Having trouble with swallowing is a problem that is most common in elderly people, but it is still an issue that your child might experience. The medical term for this health concern is dysphagia.
Dysphagia in children can present as a long-term chronic condition but may also be a problem that develops suddenly and temporarily. Left untreated, dysphagia can have a serious impact on your child’s health and wellbeing.
Although any child could develop dysphagia, there are certain groups who are more at risk than others. Those include:
- Babies born prematurely
- Children with a cleft lip or cleft palate
- Children who have developmental delays
- Children who have gastroesophageal reflux disease
- Children with large tongues
- Children with large tonsils
- Children who have undergone a tracheotomy
Children who have been placed on a ventilator may also go on to develop problems with swallowing, as ventilation can lead to oral sensitivity and irritation of the vocal cords.
Even if your child is not in one of these at-risk groups, it is still possible that they might develop problems with their swallowing at any stage in their life.
Symptoms of Dysphagia in Children
If your child is still a baby, then it is important that you lookout for the signs of trouble swallowing. This is because it is obviously not possible for a baby to be able to communicate this issue to you.
If your baby stiffens when you are feeding them, then this could be an indication of dysphagia. You may also notice that the baby gags and that food comes out of the nostrils during or after feeding. A baby with swallowing problems is also likely to be irritable and disinterested during feeding times and may vomit often.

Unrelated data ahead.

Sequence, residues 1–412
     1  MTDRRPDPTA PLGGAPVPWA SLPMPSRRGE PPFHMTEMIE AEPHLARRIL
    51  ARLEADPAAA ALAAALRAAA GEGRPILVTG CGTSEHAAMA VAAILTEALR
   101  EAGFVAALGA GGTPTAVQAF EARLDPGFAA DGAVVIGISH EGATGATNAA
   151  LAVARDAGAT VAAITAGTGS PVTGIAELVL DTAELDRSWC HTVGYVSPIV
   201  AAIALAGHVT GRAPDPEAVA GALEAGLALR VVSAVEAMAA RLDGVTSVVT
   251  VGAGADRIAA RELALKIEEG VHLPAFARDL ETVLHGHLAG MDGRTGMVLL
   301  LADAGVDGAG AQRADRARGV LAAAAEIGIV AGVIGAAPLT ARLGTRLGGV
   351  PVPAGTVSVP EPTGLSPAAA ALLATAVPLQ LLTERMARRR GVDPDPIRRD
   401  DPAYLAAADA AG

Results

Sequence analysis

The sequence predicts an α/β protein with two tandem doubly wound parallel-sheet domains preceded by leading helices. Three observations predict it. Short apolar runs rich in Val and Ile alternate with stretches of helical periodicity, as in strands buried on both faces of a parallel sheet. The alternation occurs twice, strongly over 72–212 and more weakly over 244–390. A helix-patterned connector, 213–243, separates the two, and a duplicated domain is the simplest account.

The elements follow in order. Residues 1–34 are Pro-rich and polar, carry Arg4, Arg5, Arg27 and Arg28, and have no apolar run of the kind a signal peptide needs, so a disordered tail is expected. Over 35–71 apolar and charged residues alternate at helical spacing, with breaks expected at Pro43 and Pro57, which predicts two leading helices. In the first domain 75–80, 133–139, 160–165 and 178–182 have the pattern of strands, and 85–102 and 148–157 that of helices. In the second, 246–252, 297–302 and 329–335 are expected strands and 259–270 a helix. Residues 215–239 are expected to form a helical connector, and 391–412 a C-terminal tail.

Older children may experience the same problems but are more likely to be able to verbally express the symptoms to you. You should not always assume that this will be the case, though, and you must assess if your child can eat and drink properly.
If your child has difficulty swallowing, then it is essential that an effective treatment is sought as soon as possible. This is because nutrition is key during the formative years, and it is important that your child develops a healthy relationship with food.
After diagnosis, your doctor might suggest adding SimplyThick gel to liquids to better enable your child to swallow.
In certain cases, your child’s swallowing difficulties may be caused by a foreign object in the esophagus and will not have a medical cause. Simply removing the object should be enough to completely resolve the issue. It is not always possible to know if your child has swallowed a foreign object, but this problem can be quickly investigated and resolved.
Your Child’s Health
The health and wellbeing of your child will, of course, always be your top priority and is something that you will always want to give your attention to.
By being aware of different issues to look out for, you can ensure you are always in the know when it comes to your child’s health.